Theo Smid (Atradius) | We do not expect a major shift in production strategy following Covid-19 pandemic and the Russia-Ukraine conflict. It could lead to some strategic reorientation, but no major step back on the globalisation ladder. The most important argument is that the key rationale of global value chains – labour cost arbitrage opportunities – still holds and the alternatives to GVCs are not necessarily better.
Pablo Pardo (Washington) | Dean of the Blatavnik School of Government, Ngaire Woods is one of the people closest to Robert Keohane, of Princeton University, one of the most influential international relations theorists in the world. Woods, whose doctoral thesis was on European monetary union, has specialised in global governance and the role of multilateral institutions, two questions which have been the centre of debate following the victory of Donald Trump and Brexit.
Globalisation is a phenomenon with very old roots and which still has a lot of life left in it. According to a report by CaixaBank Research, we could be in the aftermath of the so-called second wave of globalisation and that, in the event of a new drive towards greater globalisation, we could shortly enter into the third wave
The so called populist uprising in the west is a rejection of one aspect of globalisation, the power of the supra-national institutions and their policies. “An alternative system has appeared to offset or undermine the existing one and, it is for the many outside the political class rather than the few inside, “summarises Mark Tinker head of AXA IM Framlington Equities Asia. Technology is offering new platforms to do what the elite used to control.
“…One of the reasons for the high level of youth unemployment in Spain has to do with the fact that companies hardly get involved in the dual training system,” explains Hermann Simon the chairman of Simon-Kucher, the preferred consultancy firm of the “hidden champions,” those German mid-cap companies which compete globally. “Spain’s level of innovation is very weak…the whole country cannot live just off tourism services.”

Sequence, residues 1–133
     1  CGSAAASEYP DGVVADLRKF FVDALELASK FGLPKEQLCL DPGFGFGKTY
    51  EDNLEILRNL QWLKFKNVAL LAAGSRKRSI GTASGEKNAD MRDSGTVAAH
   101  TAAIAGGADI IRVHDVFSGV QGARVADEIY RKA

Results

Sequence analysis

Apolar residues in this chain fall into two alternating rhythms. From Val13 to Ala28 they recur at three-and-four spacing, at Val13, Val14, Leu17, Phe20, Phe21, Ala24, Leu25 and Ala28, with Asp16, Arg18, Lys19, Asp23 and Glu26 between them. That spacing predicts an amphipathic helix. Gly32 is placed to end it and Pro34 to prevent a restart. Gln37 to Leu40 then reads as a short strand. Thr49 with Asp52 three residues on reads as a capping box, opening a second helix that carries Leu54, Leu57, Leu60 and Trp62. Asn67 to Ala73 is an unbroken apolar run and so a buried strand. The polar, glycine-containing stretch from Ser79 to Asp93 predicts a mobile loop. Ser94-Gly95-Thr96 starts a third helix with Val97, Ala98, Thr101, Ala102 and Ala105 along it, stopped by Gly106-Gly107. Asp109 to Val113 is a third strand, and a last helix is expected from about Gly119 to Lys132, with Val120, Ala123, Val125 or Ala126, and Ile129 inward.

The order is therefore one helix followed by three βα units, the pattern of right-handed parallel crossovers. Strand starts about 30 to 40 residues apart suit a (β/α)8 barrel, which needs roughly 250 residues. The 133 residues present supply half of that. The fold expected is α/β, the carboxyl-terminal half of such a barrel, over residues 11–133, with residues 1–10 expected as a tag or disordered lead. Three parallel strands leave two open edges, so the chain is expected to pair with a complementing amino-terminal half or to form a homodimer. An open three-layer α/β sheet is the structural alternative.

The imminent agreement between the EU and the US, called the TTIP, is dying on the side of both the US and Europe. The two candidates for the White House have expressed their scepticism, one with more than the other. And in Europe, only Merkel has stood firm, but this is weakening her politically and taking away her social democrat allies.
The reality being faced in the US and abroad is that the current world order has failed to deliver its promises.
UBS | Global trade in goods and services has risen to a record share of the world economy in real terms. In nominal terms it has stagnated – which basically tells us that the price of traded goods and services is falling relative to the price of non-traded goods and services. Hardly surprising given where oil is.
La Caixa Research | Which are the effects of digitalisation on the global economy?
MADRID | By Ana Fuentes | Trying to compete with emerging markets is not enough: Those EU countries trying to re-launch their industrial sectors in order to boost economic recovery need to go through technological changes, Yao Yang explains to The Corner. Dean of the China National School of Development and Director of the China Center for Economic Research, he believes that austerity in Europe has not been in vain. On the same day, business-research group Conference Board reported that Chinese growth will dip to 5.5% in 2015-19, Prof. Yang points out that such a decline would not mean any catastrophe.